Dressing up for Halloween is one of our favorite things to do as a family (mostly because we do this on a regular basis without a holiday requiring it!). But this year the decision was a bit more complicated…
Plan 1: We would all be Avengers. We had most of the helmet/shields/etc already in our dress up box AND Violet looked adorable in a Hulk mask and two giant green fists. (Plus it was precious when she yelled, “Hulk Mash!” as she still cannot say “smash”.)
Problem: While she liked the idea of us being a team, deep in her little heart she wanted to be a princess. Cinderella, specifically. When anyone asked her what she wanted to be for Halloween she took a big breath and said bravely (with a quaver in her voice), “I am going to be the Hulk because I want Daddy to be happy.”
Solution #1: Fernando tried to convince her that the Hulk had a princess counterpart. (Fail.)
Solution #2: He told her that after Halloween, he’d buy her a Cinderella dress. (Temporary success, but fleeting.)
Solution #3: He told her that she could choose whatever she’d like to be for Halloween. (Christmas-morning-esque success.)
Plan 2: Daniel stuck to his original plan of being Captain America, Fernando was Iron Man, I was Thor (that dress up box can go a loooonnnggg way towards not spending money on Halloween costumes…), and Violet received a new Cinderella dress. We decided she could be the princess either in charge of the Avengers, or who needed to be saved by the Avengers. Still a team.
For the first time, we skipped the Fall Harvest Festival Type Activity and took the kids trick-or-treating. As in, walk-around-a-neighborhood-ringing-doorbells trick-or-treating. We met up with a group of families and our little swarm of children descended upon house by house in a friend’s neighborhood, nearly cleaning them out of candy each time.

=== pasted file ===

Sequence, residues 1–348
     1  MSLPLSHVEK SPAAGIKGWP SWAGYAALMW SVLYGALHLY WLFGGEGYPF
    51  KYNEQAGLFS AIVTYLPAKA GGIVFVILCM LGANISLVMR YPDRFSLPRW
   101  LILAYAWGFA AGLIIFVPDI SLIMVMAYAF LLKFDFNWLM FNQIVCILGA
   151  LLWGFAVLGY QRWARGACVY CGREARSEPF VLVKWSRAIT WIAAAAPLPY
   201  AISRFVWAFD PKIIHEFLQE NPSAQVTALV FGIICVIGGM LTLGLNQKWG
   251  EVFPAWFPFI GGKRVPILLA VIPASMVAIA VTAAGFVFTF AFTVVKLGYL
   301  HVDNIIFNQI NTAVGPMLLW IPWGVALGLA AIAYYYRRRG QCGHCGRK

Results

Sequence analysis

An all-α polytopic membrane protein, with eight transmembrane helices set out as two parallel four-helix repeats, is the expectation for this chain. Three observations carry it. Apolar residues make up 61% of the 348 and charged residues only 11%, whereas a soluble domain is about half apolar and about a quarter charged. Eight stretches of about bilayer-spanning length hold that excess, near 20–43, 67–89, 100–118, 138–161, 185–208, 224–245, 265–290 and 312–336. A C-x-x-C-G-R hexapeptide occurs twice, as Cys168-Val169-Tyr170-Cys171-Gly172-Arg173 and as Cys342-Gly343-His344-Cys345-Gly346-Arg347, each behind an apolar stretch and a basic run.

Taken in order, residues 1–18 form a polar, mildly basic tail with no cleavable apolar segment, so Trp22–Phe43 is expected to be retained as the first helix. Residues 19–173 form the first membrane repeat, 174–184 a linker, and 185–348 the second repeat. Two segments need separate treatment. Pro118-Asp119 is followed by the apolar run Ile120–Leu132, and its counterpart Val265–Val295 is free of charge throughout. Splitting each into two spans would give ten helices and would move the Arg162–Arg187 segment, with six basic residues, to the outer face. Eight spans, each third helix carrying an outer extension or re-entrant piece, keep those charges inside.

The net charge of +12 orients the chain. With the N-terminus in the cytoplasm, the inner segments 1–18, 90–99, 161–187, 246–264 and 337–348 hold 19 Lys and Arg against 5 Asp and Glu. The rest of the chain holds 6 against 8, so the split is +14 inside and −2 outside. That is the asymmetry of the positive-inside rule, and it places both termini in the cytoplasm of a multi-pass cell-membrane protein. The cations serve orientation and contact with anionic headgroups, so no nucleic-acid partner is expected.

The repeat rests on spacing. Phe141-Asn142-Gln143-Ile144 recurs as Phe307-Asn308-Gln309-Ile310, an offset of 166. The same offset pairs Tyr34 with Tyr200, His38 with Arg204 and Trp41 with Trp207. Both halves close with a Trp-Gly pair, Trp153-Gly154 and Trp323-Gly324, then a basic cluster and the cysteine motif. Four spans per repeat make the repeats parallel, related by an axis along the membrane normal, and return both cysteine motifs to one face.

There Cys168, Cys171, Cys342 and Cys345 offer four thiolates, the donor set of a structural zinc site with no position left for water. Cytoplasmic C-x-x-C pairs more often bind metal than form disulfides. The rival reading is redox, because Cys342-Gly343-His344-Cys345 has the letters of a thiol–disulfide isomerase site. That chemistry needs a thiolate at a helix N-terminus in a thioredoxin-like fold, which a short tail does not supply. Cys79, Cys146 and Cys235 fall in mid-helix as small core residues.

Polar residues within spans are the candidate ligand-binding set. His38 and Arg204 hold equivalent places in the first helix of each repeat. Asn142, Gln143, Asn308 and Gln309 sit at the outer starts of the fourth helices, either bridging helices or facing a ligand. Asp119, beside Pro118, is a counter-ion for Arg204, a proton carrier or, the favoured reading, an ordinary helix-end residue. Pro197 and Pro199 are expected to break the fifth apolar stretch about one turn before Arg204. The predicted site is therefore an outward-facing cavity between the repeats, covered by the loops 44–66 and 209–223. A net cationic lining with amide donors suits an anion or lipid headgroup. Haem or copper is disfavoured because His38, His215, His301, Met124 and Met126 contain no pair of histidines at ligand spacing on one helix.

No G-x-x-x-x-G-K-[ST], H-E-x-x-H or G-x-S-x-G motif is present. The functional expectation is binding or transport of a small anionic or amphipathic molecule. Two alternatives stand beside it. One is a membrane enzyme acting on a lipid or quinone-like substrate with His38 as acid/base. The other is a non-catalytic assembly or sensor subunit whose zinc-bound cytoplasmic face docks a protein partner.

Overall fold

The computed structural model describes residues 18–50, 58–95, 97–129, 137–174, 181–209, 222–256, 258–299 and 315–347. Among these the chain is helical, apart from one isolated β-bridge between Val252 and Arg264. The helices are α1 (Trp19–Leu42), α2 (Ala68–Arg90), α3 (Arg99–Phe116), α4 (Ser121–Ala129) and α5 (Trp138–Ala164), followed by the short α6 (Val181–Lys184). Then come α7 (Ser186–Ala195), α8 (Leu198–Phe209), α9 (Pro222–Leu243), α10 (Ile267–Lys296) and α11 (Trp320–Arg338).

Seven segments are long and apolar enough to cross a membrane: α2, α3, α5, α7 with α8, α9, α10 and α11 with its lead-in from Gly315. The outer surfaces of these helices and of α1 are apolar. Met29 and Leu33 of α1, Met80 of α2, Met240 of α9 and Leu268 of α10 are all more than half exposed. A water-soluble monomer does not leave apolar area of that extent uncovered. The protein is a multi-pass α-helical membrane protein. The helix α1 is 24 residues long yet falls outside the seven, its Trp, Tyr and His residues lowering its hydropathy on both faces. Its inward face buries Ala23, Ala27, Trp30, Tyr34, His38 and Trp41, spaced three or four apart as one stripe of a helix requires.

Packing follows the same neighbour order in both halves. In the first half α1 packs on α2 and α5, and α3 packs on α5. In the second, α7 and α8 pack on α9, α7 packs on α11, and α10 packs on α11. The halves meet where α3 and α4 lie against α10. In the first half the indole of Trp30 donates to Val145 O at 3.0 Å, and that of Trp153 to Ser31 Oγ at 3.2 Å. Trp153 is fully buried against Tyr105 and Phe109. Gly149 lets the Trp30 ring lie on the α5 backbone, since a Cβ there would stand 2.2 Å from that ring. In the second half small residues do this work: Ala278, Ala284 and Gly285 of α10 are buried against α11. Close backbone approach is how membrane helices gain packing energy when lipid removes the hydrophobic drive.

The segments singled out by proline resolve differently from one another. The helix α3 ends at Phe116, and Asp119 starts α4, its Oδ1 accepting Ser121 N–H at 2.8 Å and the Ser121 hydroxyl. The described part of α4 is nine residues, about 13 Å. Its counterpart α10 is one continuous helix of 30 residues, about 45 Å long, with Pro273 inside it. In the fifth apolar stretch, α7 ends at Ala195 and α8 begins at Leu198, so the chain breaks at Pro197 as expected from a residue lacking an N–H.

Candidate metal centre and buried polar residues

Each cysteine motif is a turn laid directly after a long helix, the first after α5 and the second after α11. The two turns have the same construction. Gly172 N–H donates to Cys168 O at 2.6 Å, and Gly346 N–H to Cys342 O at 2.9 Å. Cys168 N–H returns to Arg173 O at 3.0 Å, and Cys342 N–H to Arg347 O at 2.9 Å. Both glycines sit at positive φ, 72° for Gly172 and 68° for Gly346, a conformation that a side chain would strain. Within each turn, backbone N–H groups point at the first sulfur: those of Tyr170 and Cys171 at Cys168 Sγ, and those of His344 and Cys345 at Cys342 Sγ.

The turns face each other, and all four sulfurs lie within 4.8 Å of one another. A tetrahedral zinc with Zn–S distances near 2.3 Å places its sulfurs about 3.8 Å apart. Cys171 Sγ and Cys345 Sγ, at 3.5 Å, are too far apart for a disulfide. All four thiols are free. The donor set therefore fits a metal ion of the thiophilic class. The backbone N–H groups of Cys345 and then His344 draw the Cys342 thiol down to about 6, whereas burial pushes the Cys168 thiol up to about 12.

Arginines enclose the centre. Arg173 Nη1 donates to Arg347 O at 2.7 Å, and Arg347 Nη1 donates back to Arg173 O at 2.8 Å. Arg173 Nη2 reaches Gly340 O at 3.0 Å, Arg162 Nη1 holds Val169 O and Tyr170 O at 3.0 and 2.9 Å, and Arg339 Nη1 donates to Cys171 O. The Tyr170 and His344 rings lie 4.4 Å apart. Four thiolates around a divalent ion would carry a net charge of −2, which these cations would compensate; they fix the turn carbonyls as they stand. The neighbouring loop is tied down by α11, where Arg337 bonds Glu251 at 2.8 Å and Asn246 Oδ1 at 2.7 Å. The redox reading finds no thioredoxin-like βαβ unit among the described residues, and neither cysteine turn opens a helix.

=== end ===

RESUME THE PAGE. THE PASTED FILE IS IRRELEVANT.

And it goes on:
We spent a good part of Halloween morning discussing manners, why we use polite words, and preparing them for saying “thank you!” each and every time someone handed them a piece of candy. And yet (try to act surprised, please) they forgot at nearly every house. They saw free candy and simply lost the ability to speak. We sent them back each time to say thank you if they had forgotten, and Violet almost always scored more candy because she just stood there looking sweet while thinking of what to say and people couldn’t help themselves but give her doubles.
My favorite moment from the whole night was this: Before sending him someone’s front walk, I pulled Daniel aside and said, “Please remember to say thank you, honey. This is very important.” He flashed a winning smile at me, gave me a thumbs up, and said, “I PROMISE, Mommy!”. I waited on the sidewalk, watched him receive candy, and then begin to walk back towards me. As his eyes met mine, he stopped dead in his tracks, let out the biggest sigh and hung his head, defeated. He silently turned around went back to thank the neighbors. Maybe it was the Captain America costume, but it was hilarious. And precious.
The kids sorted their loot all the way home and in large piles on the kitchen floor. They each selected the candy they would eat today (Daniel picked a mini Kit Kat bar and Violet decided on a Strawberry Laffy Taffy) and happily changed into pajamas to watch a movie with Daddy.
It was a good night.